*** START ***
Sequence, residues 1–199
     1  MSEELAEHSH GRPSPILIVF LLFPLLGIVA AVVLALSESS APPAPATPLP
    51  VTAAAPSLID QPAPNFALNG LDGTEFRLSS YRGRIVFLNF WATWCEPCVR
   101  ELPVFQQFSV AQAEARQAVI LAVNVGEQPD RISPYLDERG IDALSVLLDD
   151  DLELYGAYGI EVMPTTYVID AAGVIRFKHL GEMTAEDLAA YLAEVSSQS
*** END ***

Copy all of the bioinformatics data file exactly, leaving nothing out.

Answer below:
Sequence, residues 1–199
     1  MSEELAEHSH GRPSPILIVF LLFPLLGIVA AVVLALSESS APPAPATPLP
    51  VTAAAPSLID QPAPNFALNG LDGTEFRLSS YRGRIVFLNF WATWCEPCVR
   101  ELPVFQQFSV AQAEARQAVI LAVNVGEQPD RISPYLDERG IDALSVLLDD
   151  DLELYGAYGI EVMPTTYVID AAGVIRFKHL GEMTAEDLAA YLAEVSSQS